It happens to us all.
We're writing along in our C.A.R. (conflict, action, resolution) when WAM!
We run into a brick wall. Our muse deserts us. And we find ourselves mired in the middle of a chapter with no ideas as to how to get out.
Now, most of us will think a colorful metaphor or two at this time.
I want you to instead think _WOW!
W ..... Want
O ..... Obstacle
W ..... Way
I. First WANT
No, not your want. Not even the want of your main character. The WANT of your reader ... which is ...
A POWERFUL EMOTIONAL EXPERIENCE.
A.) Emotion is the life's blood of all fiction : romance, thriller, mystery, horror, and science fiction.
B.) But it doesn't come from reading about the other guy having a terrible, challenging time. No, it doesn't.
C.) It comes from the reader BECOMING THAT CHARACTER to ...
find love, face that horrendous terror, fight that unbeatable foe, solve that baffling mystery ... to win.
D.) The reader becomes your main character when ...
1.) You lure them into the mind and heart of your MC.
2.) By speaking of the common angst we all have :
loneliness, alienation, yearning for love, desire for esteem in the eyes of significant others.
3.) Make them laugh, even if there are tears. The reader will return to your books again and again if you can do that.
4.) What is the worst prison punishment short of execution?
We all need to connect. Bereft of that link to another human soul we wither inside.
5.) Your main character must seem real to the reader, must reflect some spark or lack within the reader herself.
Her wounds must bleed real blood. Their pain must echo throughout the remaining pages. Her triumph over them will be all the more uplifting to the reader.
II. Second Want :
A.) The WANT of your MC.
B.) If you're mired down in a chapter, see if you can find the WANT of the MC or her adversary in it.
C.) If you can't or if it is not immediate and primal ... there's your problem.
I. Obstacle is related to WANT
A.) How do you make someone want something?
Say they can't have it.
See a "Don't Touch. Wet Paint" sign, and what do you do?
You touch the blasted wall, don't you? Sure you do.
B.) Your OBSTACLE is directly tied in to your MC's WANT. If you've done your craft right __ the WANT's basic nature carries within it, its own obstacle.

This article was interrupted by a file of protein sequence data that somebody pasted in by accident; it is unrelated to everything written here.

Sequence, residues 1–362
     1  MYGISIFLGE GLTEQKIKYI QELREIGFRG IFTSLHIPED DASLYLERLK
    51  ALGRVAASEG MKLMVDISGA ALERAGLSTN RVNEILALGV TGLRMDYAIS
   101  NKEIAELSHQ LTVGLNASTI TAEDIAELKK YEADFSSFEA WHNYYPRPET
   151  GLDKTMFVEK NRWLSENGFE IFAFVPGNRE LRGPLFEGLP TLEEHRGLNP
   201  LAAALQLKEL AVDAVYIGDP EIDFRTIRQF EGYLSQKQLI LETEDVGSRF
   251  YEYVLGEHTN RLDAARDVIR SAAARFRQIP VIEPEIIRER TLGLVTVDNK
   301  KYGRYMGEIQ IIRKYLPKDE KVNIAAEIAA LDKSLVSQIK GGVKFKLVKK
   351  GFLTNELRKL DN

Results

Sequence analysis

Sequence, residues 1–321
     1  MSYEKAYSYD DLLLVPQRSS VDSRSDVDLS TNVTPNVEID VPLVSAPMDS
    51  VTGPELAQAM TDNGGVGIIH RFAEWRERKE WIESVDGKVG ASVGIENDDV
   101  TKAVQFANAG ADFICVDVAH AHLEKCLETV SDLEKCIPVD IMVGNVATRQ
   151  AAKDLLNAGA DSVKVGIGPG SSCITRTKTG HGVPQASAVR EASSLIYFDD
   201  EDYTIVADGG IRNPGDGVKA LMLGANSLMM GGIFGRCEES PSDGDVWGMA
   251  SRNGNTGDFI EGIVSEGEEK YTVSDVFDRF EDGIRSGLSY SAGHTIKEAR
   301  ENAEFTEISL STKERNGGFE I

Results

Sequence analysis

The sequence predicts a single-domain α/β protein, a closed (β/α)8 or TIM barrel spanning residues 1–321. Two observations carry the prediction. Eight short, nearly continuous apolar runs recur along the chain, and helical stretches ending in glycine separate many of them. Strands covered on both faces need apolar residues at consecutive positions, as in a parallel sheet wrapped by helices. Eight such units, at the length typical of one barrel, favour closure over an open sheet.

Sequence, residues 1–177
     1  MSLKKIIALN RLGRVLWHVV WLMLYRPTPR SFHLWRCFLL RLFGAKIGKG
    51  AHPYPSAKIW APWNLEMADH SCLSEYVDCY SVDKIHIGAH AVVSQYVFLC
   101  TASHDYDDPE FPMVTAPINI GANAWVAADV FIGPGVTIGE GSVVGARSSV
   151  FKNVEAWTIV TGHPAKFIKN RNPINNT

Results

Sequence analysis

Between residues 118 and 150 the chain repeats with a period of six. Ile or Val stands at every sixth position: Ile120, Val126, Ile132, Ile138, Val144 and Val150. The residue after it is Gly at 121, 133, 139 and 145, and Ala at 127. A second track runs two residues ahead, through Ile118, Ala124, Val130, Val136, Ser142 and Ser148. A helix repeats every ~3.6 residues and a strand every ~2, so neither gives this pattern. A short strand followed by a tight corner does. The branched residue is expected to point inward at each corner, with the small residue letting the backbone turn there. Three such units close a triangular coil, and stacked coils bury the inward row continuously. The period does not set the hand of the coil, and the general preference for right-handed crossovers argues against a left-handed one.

C.) And that nature is CHANGE
Getting the WANT will change your MC's life drastically.
Not getting it will change it for the worse.
II.) Look at your trouble chapter :
If the OBSTACLE is not primal, immediately threatening, and nearly overwhelming ... there's your problem.
A.) Most readers would love to change their lives ...
B.) to add more excitement
to add a sensual, seductive love interest to their days
to finally achieve control and mastery over their jobs or problems.
A.) This is not just another way to say action ...
though it always involves action.
B.) WAY springs from the manner your MC goes about tackling the OBSTACLE.
It must ring true to your MC's basic nature :
1.) Each person has their own style that manifests itself in how she sees and solves her OBSTACLE.
2.) In A TALE OF TWO CITIES, Sydney Carton loves another man's wife. He sacrifices himself to save him so that the woman he loves is not shattered.
3.) In real life, 28 year old D.H. Lawrence loves 32 year old Frieda Weekley, unhappy wife and mother of three children. He runs off to Europe with her, making violent love, writing poems that shake up the literary world,
There are only two things now,
The great black night scooped out
And this fire-glow.
This fire-glow, the core,
And we the two ripe pips
That are held in store.
Listen, the darkness rings
As it circulates round our fire.
Take off your things.
Your shoulders, your bruised throat!
Your breasts, your nakedness!
This fiery coat!
As the darkness flickers and dips,
As the firelight falls and leaps
From your feet to your lips!
and, alas, sees her "share her abundance with acquaintances" along their European trek.
4.) Both WAYS sprang from the basic nature of the man involved. Both were true. Both WAYS stir strong emotion when you read them, don't they?
C.) WAY must spring from the three act nature of any novel :
The stage is set, the conflict painted, and the characters have fun.
The rug is pulled out from under the MC, the adversary draws blood, all seems lost.
The stakes are raised, the MC rises from the ashes, a last ditch duel to the finish comes to a resounding climax, where the adversary is defeated but with great cost.
1.) If you are mired in a chapter, check to see where you are in your novel, the beginning, the middle, or towards the end.
2.) If you cannot see the fun in the beginning, then THERE'S your problem.
If it's in the middle, and the rug's not being pulled out in some devastating way, BINGO.
And if your MC and adversary are blowing kisses at each towards the end, you have found the bedrock of your problem -- and you're one sick puppy.
*) Happy Christmas Season, Everyone!
I hope this post helped you in some small way to make it out of the next pothole you fall into. Roland
Christmas makes me think of New Year's Eve for some reason :
Television: The Orville, "Krill"
1 hour ago